By Mark E. Smith
On Walnut Street in downtown Philadelphia – an upscale shopping district lined with cafes – I’m let into a watch store by a security guard. It’s not an ordinary watch store. In the display cases are literally millions of dollars in watches – Cartier, Breitling, Rolex. I stroll by them casually, with no interest to stop and gaze in the cases.
I have my own watch, which was a gift. I don’t get many gifts, so this watch is especially meaningful to me. No, it’s not a Cartier, Breitling or Rolex. But, then again, I can’t put a value on its sentimental value, so maybe it’s more valuable than any watch in the glass cases – at least to me.
I’m greeted by a woman, and I explain to her that I need my watch band fitted. She gets a gentleman from the back, and he’s glad to help. As he sits at a desk and removes links from my band, I know that his hands rarely touch such a watch as mine, nowhere near the cost of even the least expensive watch in his store.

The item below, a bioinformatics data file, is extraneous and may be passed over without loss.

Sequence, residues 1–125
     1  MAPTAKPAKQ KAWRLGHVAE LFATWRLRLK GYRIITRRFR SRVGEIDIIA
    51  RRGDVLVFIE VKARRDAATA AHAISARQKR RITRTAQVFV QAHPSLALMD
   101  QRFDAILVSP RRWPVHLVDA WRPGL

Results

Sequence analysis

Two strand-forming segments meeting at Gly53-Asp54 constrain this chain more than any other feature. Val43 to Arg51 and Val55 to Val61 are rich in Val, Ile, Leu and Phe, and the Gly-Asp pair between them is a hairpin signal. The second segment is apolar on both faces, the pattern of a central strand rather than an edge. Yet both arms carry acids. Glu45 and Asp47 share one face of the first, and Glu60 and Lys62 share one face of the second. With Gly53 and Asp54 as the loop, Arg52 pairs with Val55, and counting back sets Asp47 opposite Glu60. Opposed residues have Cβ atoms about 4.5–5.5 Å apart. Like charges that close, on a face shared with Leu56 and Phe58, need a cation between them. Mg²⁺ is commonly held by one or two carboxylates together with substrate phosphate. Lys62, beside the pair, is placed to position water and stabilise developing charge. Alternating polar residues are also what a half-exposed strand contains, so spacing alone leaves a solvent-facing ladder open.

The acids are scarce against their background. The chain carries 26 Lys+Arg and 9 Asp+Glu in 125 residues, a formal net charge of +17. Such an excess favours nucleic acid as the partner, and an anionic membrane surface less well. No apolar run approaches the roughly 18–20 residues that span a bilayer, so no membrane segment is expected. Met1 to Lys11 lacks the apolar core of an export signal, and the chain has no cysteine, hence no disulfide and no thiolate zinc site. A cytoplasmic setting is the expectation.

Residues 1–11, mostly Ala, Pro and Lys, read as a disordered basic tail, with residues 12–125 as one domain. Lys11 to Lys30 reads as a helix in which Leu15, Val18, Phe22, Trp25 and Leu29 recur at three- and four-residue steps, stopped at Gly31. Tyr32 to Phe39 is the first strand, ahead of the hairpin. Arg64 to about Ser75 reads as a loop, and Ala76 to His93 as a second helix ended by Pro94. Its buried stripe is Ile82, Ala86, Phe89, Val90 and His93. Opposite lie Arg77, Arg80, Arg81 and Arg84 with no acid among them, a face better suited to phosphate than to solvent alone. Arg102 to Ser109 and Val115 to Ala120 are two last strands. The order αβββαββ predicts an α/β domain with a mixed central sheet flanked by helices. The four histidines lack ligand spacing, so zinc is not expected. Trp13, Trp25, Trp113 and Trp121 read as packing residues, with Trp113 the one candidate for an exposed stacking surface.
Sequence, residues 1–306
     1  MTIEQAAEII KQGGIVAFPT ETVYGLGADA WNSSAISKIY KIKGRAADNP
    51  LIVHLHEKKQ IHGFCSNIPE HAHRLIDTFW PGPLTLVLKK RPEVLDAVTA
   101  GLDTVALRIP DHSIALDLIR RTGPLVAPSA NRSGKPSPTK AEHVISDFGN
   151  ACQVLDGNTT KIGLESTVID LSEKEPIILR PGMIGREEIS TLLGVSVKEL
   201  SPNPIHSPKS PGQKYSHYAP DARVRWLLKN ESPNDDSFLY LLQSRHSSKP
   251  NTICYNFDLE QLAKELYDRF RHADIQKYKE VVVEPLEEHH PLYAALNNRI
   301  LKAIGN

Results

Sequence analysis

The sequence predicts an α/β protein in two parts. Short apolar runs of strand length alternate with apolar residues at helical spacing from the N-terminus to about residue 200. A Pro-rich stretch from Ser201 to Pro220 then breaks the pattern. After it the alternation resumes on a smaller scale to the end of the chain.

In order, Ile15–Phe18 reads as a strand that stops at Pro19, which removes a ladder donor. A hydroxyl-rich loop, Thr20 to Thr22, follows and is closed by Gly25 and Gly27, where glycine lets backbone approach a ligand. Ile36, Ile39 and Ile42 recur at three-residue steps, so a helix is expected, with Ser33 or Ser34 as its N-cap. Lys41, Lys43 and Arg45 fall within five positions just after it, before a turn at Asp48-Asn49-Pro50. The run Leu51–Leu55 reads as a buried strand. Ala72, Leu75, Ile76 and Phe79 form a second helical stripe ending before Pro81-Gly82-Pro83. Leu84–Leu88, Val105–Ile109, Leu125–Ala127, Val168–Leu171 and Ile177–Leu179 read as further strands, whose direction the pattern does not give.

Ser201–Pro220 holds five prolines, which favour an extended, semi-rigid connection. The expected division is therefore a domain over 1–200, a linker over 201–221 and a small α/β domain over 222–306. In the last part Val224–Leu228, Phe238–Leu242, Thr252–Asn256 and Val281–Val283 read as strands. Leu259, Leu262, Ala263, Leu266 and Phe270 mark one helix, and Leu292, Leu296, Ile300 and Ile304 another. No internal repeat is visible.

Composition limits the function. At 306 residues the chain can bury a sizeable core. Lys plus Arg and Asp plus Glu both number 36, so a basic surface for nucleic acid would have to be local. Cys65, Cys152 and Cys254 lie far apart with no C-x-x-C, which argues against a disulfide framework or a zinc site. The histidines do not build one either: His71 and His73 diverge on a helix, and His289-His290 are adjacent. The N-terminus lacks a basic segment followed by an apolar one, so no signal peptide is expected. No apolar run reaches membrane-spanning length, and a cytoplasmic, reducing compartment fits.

“I really appreciate your adjusting my watch,” I say. “I realize that it’s nowhere near the level of watches that you sell.”
“Any watch that tells time is a great watch,” he replies with a sincere smile, handing me my watch to try on.
With my watch fit to my wrist, I head back out onto the bustling sidewalk of Walnut Street. It’s as diverse of crowd as you’ll find anywhere. And, I’m struck by the profound words spoken by the gentleman at the watch shop. He really wasn’t just talking about watches, but the people who wear them. Think about how, as a society, we label everyone like watches – labels that often dictate a person’s status – from the wealthy to the homeless, the African American to the Irishman, the gay to the straight, to me, one with cerebral palsy. Yet, we’re all just watches, aren’t we? And, as the gentleman at the watch shop summed up each of us with such humility, Any watch that tells time is a great watch.